The ED research coordinators will be completing multiple visits with patients for this longitudinal study. The acute visit occurs at the initial ED counter and includes data collection regarding past medical history and the mechanism of injury. Subsequent visits include standardized cognitive assessments and formal and informal questionnaires to understand functioning prior to injury. Coordinators will also obtain specimens from each patient for analyses aimed at identifying biomarkers present during each phase of recovery.

This study is being conducted in collaboration with Lyndsay Nelson, PhD, ABPP, from the Brain Injury Research Program at the Medical College of Wisconsin. If you have questions about this study, please contact the study PI, Dr. Marin Darsie, at

Investigating Emergency Department Clinician Views on Naloxone Dispensing and Initiation of Medications for Opioid Use Disorder

The drugs naloxone (Narcan®) and buprenorphine are powerful tools in the treatment of opioid use disorder but may be underused, especially in emergency care settings. This study aims to investigate emergency department providers’ knowledge and attitudes in order to inform education efforts, and ultimately provide better care to people living with an opioid use disorder. To this end, ED Research Coordinators will distribute anonymous surveys to all nurses and social workers in the emergency department. Physicians and physician assistants will complete the surveys electronically.

This study is a collaboration with Dr. Collin Michels (Department of Emergency Medicine) and Dr. Salisbury-Afshar (Department of Family Medicine and Community Health). For questions about this study, please contact Dr. Michels at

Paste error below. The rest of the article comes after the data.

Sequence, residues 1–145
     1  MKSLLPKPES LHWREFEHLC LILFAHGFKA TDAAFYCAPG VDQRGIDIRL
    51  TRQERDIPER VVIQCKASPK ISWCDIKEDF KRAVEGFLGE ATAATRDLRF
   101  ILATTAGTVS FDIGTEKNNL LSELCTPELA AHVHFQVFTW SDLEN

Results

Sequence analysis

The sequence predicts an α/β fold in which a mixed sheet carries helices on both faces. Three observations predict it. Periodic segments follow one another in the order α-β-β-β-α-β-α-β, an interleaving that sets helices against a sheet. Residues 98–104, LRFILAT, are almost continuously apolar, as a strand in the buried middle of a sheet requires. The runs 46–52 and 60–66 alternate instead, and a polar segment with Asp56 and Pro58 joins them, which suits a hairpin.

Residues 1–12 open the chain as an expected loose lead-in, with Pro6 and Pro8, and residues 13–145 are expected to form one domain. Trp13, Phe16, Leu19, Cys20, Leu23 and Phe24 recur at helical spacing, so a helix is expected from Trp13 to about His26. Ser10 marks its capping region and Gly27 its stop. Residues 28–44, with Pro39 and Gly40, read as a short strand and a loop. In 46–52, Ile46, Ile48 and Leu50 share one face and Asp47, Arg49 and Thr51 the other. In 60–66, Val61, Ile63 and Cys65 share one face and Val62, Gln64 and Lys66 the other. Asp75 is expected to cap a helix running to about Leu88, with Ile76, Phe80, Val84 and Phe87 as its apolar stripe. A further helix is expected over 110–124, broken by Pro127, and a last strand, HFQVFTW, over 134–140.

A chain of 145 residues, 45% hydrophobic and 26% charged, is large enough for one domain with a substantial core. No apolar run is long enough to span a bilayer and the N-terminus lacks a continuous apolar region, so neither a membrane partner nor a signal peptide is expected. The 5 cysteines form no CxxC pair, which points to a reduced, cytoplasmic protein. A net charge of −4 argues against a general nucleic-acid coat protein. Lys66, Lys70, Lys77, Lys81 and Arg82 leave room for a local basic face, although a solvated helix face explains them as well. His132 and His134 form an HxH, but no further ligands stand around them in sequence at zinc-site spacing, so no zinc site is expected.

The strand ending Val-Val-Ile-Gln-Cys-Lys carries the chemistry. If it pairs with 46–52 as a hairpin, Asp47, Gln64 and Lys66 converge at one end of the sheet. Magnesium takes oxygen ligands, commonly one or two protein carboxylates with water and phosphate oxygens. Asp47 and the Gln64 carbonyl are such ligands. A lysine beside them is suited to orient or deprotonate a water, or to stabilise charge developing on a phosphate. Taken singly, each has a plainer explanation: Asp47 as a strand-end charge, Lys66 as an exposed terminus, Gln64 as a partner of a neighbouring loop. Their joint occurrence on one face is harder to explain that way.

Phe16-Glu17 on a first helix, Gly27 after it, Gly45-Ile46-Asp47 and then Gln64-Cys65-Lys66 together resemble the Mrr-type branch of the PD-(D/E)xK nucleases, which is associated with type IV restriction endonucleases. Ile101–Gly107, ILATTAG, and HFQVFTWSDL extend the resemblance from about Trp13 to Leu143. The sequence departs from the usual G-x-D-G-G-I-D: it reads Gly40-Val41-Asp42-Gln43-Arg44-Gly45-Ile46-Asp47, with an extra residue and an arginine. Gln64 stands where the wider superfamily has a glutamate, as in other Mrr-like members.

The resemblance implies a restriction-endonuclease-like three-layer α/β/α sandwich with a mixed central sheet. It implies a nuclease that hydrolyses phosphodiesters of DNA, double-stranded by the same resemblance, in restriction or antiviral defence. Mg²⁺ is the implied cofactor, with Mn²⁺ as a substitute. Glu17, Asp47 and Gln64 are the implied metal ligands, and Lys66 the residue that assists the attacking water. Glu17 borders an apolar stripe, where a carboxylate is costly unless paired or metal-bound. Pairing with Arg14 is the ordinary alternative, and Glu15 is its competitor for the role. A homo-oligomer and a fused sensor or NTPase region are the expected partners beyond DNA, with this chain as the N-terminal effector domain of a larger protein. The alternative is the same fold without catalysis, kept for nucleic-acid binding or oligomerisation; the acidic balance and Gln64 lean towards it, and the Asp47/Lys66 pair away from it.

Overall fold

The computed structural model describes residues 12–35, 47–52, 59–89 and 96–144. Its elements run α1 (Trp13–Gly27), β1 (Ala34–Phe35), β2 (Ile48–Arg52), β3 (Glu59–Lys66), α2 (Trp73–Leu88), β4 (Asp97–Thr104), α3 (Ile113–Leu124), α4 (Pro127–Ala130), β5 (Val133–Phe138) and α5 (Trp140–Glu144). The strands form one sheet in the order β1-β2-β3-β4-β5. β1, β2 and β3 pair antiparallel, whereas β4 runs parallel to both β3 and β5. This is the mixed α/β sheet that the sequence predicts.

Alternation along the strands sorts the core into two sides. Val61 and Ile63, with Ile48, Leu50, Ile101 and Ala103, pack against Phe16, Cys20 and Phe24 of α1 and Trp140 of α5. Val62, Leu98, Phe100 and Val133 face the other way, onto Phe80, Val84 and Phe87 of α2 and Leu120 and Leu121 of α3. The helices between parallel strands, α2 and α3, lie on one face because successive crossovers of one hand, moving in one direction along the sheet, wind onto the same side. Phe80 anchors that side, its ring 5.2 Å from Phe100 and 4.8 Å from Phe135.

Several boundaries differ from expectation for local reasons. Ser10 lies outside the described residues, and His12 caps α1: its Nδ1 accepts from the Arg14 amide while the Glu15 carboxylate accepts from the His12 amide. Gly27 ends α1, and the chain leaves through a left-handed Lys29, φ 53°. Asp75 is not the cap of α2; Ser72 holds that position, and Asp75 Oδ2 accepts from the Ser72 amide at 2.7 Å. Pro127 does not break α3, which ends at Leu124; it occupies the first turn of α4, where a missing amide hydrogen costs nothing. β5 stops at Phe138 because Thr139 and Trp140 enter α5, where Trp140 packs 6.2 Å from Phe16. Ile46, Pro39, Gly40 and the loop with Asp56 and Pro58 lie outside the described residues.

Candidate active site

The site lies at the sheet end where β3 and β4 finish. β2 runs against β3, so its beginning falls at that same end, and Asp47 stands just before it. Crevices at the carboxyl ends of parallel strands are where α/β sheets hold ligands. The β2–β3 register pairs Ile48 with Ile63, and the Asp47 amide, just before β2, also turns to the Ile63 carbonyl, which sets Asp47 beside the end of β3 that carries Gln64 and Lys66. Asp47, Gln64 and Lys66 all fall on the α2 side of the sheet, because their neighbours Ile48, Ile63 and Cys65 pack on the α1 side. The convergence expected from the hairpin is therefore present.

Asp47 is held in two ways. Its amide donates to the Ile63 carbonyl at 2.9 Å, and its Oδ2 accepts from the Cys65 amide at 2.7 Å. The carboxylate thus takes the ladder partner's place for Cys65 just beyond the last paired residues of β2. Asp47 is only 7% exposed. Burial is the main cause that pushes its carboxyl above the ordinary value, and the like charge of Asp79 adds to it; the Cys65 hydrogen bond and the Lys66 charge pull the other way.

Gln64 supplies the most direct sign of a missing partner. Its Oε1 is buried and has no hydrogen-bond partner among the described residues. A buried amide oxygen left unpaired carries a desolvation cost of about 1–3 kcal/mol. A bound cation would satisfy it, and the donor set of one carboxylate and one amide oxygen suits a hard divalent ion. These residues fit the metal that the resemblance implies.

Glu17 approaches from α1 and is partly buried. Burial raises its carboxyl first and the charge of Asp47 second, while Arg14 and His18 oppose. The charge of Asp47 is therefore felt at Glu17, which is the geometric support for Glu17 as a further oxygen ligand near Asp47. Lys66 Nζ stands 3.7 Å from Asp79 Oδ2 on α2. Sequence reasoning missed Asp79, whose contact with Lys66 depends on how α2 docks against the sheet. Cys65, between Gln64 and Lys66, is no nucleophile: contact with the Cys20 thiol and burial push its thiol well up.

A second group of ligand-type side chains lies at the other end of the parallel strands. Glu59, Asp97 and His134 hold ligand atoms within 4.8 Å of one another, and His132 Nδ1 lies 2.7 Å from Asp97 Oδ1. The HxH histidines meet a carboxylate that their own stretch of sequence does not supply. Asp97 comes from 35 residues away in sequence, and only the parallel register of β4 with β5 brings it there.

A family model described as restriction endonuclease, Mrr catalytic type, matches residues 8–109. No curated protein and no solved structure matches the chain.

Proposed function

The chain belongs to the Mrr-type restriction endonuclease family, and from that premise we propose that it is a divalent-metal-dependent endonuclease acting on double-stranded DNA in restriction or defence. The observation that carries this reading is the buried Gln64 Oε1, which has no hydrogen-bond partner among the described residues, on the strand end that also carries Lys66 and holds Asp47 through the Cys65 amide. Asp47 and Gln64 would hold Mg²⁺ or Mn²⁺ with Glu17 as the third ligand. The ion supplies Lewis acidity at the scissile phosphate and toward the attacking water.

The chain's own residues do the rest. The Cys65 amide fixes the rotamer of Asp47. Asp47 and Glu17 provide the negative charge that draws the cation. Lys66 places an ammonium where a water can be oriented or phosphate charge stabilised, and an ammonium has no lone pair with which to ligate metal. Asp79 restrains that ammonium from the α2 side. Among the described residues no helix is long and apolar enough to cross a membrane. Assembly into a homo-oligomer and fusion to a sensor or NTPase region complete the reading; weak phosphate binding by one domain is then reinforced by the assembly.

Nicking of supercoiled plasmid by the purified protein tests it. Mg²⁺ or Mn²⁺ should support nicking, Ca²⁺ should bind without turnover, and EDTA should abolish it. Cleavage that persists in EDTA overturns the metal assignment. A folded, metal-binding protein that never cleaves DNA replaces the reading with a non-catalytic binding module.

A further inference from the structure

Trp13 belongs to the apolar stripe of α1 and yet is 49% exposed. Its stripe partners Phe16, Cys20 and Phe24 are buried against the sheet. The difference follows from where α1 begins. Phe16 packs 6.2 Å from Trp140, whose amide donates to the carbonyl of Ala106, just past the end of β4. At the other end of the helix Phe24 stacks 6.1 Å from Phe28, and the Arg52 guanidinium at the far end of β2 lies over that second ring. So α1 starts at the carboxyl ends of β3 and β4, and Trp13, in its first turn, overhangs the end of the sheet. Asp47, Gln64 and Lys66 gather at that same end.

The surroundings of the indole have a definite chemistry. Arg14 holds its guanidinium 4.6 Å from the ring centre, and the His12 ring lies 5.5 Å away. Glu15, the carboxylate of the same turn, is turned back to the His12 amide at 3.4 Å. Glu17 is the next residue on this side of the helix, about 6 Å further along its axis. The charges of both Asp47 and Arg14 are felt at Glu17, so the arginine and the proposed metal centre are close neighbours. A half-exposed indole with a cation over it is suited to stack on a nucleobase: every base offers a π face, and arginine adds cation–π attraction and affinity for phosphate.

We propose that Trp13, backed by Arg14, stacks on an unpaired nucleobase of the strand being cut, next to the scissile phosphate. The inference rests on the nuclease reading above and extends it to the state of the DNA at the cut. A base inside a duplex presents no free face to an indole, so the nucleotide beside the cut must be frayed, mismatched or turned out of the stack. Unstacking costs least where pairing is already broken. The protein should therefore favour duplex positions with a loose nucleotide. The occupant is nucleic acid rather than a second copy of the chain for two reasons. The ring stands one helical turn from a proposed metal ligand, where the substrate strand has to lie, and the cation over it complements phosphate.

The Role of Aspiration in Community Acquired Pneumonia

Pneumonia is the most common infectious cause of mortality in older adults. Standard practice for older adults with pneumonia involves hospitalization and antibiotics. However, recent studies suggest that a significant portion of suspected community-acquired bacterial pneumonia cases may actually be due to distinct, dysphagia-related aspiration syndromes (e.g. aspiration pneumonia, pneumonitis). This study will utilize diagnostic imaging to generate a prevalence estimate for aspiration in older adults diagnosed with pneumonia or with suspected pneumonia for dysphagia, as well as determine rates of recurrent pneumonia in this population.

This study is being conducted in collaboration with Nicole Rogus-Pulia, PhD, CCC-SLP, Director of the Swallowing and Salivary Bioscience Laboratory within the UW Department of Medicine Division of Geriatrics. This study is funded by the UW Office of the Vice Chancellor for Research and Graduate Education.

For questions, please contact Dr. Michael Pulia at

Romantic Couples, Medications, and Health at Time of Emergency Department Visit

The purpose of this study is to develop relationship-based predictors of prescription opioid use among older adults. EDRCs will approach patients presenting to the ED with injuries who also have a romantic partner present for participation. Interested couples will complete one survey in the ED, and the patient will complete a short follow-up survey at 30 days. This study is being done in collaboration with Dr. Lauren Papp in the School of Human Ecology. For questions, please contact Dr. Michael Repplinger at